Mr. Speaker, by withdrawing from Kyoto the minister is withdrawing Canada from the energy economy of the future. It sends a clear message to the employers of the future not to invest here. What timing, because China is now open to strict standards but the Conservatives instead are focused on environmental sabotage.

Canadians want to see investments in the world--

Kyoto Protocol
Oral Questions

2:20 p.m.

Some hon. members

Oh, oh!

Kyoto Protocol
Oral Questions

2:20 p.m.

Conservative

The Speaker Andrew Scheer

Order. The member for Halifax has the floor and she should be allowed to put the question. The hon. member for Halifax.

Kyoto Protocol
Oral Questions

2:20 p.m.

NDP

Megan Leslie Halifax, NS

Canadians want to see investments in the world that we will leave our children, Mr. Speaker. They want Canada to be a leader in building a sustainable economy.

Why does the government only listen to big polluters? When will it start listening to Canadians?

Kyoto Protocol
Oral Questions

2:20 p.m.

Calgary Centre-North
Alberta

Conservative

Michelle Rempel Parliamentary Secretary to the Minister of the Environment

Mr. Speaker, as opposed to the opposition that would have us continue with an international accord that only contains less than one-third of global emissions, we are taking strong action here at home.

With regard to a clean energy economy, I would ask my colleague opposite what she would call an economy that has billions of dollars of research into clean technology, that exports across the globe intellectual property dealing with clean energy technology?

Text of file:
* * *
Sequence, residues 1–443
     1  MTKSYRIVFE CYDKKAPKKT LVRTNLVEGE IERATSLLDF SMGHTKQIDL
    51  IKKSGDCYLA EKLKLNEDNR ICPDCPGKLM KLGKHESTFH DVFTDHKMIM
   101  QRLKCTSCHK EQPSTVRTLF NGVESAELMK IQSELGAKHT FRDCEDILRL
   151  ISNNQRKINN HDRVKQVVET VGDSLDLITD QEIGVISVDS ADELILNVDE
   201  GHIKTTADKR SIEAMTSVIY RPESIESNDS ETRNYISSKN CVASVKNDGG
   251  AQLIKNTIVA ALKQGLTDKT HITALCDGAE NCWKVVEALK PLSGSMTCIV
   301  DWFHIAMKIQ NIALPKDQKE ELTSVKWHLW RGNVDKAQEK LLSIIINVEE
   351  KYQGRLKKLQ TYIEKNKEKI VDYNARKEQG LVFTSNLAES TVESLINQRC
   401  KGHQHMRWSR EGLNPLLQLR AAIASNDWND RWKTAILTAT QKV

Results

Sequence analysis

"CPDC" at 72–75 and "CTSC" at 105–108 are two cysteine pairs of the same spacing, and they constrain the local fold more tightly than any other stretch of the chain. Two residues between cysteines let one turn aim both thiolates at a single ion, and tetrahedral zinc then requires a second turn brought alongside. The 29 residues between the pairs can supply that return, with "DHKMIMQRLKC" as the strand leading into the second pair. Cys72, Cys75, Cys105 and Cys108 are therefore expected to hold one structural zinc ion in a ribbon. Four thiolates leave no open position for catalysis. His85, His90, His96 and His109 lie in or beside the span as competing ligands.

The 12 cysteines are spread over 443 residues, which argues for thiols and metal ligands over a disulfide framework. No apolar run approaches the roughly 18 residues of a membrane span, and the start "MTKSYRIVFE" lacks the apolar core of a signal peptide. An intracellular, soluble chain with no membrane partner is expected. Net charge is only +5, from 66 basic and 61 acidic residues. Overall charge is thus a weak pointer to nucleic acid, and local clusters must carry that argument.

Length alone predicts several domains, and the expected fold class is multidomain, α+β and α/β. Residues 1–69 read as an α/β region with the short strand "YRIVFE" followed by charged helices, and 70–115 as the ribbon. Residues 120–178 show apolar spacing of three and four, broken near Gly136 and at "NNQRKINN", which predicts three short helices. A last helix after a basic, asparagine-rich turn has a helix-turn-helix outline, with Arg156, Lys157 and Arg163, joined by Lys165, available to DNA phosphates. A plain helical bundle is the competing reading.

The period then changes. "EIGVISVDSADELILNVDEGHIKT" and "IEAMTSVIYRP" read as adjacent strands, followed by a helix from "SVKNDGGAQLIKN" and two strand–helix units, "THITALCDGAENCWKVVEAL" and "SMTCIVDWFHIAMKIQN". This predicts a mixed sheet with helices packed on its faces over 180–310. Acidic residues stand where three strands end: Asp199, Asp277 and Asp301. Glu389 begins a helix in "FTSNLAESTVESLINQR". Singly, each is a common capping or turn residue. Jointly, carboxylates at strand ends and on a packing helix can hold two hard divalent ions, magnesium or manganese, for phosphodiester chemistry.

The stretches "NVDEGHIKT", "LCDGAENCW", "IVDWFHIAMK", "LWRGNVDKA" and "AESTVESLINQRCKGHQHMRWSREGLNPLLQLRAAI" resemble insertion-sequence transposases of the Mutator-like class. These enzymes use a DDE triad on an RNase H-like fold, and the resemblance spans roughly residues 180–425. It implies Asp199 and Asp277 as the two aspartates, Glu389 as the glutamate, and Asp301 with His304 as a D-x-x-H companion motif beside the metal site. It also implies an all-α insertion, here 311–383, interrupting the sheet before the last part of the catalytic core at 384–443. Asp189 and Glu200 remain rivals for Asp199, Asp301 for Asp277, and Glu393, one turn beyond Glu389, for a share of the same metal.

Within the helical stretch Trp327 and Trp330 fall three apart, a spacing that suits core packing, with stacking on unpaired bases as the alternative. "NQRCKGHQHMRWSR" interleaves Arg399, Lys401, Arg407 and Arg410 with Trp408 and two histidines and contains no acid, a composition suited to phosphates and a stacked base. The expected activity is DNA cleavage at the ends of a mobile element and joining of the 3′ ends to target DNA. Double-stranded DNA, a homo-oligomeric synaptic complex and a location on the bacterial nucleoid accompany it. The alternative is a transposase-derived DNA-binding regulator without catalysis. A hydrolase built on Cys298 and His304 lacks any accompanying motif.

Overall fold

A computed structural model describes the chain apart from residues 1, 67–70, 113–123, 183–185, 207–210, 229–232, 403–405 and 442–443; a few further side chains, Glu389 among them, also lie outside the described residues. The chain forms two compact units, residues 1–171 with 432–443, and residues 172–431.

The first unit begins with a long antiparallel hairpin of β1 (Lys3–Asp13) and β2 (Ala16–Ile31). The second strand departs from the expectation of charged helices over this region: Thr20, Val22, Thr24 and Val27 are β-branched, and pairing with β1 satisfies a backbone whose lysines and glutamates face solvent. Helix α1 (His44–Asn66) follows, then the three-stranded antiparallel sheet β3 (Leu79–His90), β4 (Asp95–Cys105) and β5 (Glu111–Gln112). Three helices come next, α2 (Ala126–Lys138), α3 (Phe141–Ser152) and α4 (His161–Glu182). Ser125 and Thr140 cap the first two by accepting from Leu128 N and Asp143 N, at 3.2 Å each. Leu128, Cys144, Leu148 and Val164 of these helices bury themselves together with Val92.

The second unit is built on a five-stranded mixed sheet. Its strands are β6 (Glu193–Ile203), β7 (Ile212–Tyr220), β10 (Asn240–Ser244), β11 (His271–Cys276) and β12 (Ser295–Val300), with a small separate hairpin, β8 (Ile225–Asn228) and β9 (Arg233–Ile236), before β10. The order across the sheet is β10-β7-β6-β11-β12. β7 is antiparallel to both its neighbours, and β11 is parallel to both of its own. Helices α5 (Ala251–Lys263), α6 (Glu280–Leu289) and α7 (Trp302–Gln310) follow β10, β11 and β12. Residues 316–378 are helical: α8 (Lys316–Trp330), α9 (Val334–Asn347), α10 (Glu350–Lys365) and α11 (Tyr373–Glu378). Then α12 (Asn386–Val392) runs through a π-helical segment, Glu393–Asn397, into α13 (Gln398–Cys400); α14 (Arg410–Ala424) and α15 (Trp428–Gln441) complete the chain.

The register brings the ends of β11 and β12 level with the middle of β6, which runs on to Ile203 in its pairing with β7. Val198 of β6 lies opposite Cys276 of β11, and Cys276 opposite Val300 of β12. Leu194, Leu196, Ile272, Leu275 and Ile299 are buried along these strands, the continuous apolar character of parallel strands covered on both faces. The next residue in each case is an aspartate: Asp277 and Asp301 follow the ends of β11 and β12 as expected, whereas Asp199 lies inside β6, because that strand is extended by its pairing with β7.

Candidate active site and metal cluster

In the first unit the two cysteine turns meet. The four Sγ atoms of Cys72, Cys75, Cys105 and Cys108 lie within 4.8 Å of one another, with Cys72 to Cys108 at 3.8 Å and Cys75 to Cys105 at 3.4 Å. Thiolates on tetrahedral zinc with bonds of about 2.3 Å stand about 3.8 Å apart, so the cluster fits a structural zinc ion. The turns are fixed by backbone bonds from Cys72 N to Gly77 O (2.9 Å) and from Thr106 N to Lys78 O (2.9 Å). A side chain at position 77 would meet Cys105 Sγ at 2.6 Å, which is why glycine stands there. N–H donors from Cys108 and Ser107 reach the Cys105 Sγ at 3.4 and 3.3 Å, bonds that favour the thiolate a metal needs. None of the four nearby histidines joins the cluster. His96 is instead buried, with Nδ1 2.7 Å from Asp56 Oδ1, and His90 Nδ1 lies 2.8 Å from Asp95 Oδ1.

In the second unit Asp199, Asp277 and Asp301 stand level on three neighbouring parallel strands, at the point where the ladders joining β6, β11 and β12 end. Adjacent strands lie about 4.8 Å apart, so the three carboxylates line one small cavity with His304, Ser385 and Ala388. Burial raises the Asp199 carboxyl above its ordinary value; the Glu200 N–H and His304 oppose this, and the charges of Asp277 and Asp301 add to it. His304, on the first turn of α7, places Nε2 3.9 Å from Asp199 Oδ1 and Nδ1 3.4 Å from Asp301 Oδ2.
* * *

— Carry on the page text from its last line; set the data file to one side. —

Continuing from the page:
We are a leader internationally. The opposition should recognize that.

Telephone Calls to Mount Royal Constituents
Oral Questions

2:20 p.m.

Liberal

Bob Rae Toronto Centre, ON

Mr. Speaker, will the government change the Canada Elections Act to ensure that the dishonest and misleading tactic used by the Prime Minister's government against the member for Mount Royal will no longer be tolerated?

Telephone Calls to Mount Royal Constituents
Oral Questions

2:20 p.m.

York—Simcoe
Ontario

Conservative

Peter Van Loan Leader of the Government in the House of Commons

Mr. Speaker, it is quite clear that the member for Mount Royal is still here in the House. Members of the government accept that and do not dispute that.

National Defence
Oral Questions

2:20 p.m.

Liberal

Bob Rae Toronto Centre, ON

Mr. Speaker, I do not think I received an answer to the question, but it will not go away.

On another subject involving truth and fiction, the Minister of National Defence has stated in the House that there was a previously planned search and rescue mission which was the reason for his being picked up by a government helicopter.

I would like to ask the government if it could answer this simple question. If it was a previously planned mission, why did Lieutenant Colonel Chris Bulls say on July 7, 2010, that the mission will be under the guise of fighter group as search and rescue training? If it was a previously planned mission, why would you need a guise?